March 20, 2012 / 1:15 AM / 8 years ago

UPDATE 3-Argentine truckers strike as soy harvest starts

* Most of Argentina's grains are taken by truck to port
    * Work stoppage called just as soy, corn harvesting starts
    * Argentina the world's No. 1 exporter of soyoil, soymeal

    By Hugh Bronstein	
    BUENOS AIRES, March 19 (Reuters) - Argentina's truckers have
called an indefinite strike to demand higher pay rates, parking
their rigs in protest just as exporters were counting on them to
haul freshly harvested soybeans to port.	
    Grains powerhouse Argentina is the world's No. 1 supplier of
soyoil, a feedstock for the booming international biofuels
sector. It is also a top soybean and corn exporter.	
    Most of country's crops are trucked from the Pampas farm
belt to the export terminals and processing plants that dot
Argentina's rivers. But shipping hubs such as Rosario and Bahia
Blanca were free on Monday of the usual sound of
industrial-sized rigs rumbling in with tonnes of soy, corn and
wheat destined for Europe, Africa, the Middle East and China.	
    The FETRA group of trucking companies said the government
had failed to ensure the implementation of a guaranteed minimum
hauling tariff that was agreed to after a strike in October.	
    "The government has not kept any of its promises," FETRA
said in a statement.	
    Union leaders and government officials made little progress
towards resolving the dispute.	
    "The strike continues ... there wasn't any deal due to a
lack of satisfactory proposals," a spokesman said.	
    No further talks were scheduled.	
    A long work stoppage could have global market implications
and dent Argentina's finances. Export taxes on soy and related
products account for about 5 percent of state revenue.	
    Strikes are watched by grains traders and  bondholders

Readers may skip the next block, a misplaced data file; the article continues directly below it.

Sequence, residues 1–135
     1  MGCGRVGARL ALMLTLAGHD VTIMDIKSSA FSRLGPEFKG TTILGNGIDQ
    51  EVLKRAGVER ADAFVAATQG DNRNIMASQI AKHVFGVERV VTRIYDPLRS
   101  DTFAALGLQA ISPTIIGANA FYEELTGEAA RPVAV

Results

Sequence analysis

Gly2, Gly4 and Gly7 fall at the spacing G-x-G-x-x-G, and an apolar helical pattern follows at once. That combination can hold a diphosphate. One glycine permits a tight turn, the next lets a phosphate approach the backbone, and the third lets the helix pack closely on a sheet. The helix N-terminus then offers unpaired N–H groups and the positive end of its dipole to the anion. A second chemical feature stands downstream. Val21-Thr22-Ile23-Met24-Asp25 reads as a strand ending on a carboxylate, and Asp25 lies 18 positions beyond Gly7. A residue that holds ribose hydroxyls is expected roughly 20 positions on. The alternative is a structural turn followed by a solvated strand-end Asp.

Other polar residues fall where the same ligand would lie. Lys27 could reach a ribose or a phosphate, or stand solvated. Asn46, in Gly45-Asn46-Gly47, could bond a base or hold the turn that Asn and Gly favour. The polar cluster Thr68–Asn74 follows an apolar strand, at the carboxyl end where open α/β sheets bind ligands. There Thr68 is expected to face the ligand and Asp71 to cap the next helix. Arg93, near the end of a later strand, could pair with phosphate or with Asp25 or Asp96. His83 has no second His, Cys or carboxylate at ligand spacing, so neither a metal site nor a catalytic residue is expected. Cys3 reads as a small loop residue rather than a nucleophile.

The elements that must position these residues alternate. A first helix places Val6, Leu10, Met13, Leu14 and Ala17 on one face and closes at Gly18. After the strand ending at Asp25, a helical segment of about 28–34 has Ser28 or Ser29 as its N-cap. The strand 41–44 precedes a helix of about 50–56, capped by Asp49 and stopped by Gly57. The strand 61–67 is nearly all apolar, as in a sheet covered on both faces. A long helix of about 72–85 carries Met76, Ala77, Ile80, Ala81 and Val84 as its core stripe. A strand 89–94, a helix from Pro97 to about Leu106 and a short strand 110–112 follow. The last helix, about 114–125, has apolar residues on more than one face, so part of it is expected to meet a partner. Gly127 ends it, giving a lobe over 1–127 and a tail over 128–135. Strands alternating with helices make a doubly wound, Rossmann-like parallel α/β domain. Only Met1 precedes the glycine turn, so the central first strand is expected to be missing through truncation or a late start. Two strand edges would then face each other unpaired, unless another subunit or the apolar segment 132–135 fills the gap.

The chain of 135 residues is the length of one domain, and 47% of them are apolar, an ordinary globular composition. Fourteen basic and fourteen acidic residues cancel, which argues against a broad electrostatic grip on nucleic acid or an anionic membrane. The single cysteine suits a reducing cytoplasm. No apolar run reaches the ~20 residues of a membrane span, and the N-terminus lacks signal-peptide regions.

alike. Cargill, Bunge, Molinos Rio de la Plata
, Noble and Louis Dreyfus are among the grains
exporters that operate in Argentina.	
    The government expects the 2011/12 soy harvest, which began
this month, to come in at 43.5 million to 45 million tonnes. The
corn crop, which started being collected last month, is forecast
by the government at 21 to 22 million tonnes. 	
    Labor disruptions are common in Argentina, where inflation,
estimated by private economists at between 20 and 25 percent
annually, has made wage and tariff negotiations increasingly
tough in recent years.	
    The truckers' strike comes at a difficult time for farmers
recovering from a December-January drought that reduced crop
yields and for President Cristina Fernandez.	
    Fernandez, 59, has enjoyed support among labor groups, but
Europe's financial crisis and slower demand from key client
China have forced the president to reduce some of the subsidies
and social spending that helped set the stage for her 2011
re-election landslide.	
    Her popularity has sunk as the economy, which boomed during
most of her first term, comes down to earth. 	
    Business leaders chide Fernandez for state-centric policies,
such as the high soy export taxes and heavy foreign trade
controls imposed by her government. In 2008, she ordered the
state takeover of the private pension system.	
    Farmers say such measures scare away investment. But as the
world population expands, global food demand is expected to
double by 2050. With a farm belt bigger than the size of France,
Argentina will be key to meeting that demand despite its policy
uncertainty and chronic labor disruptions.
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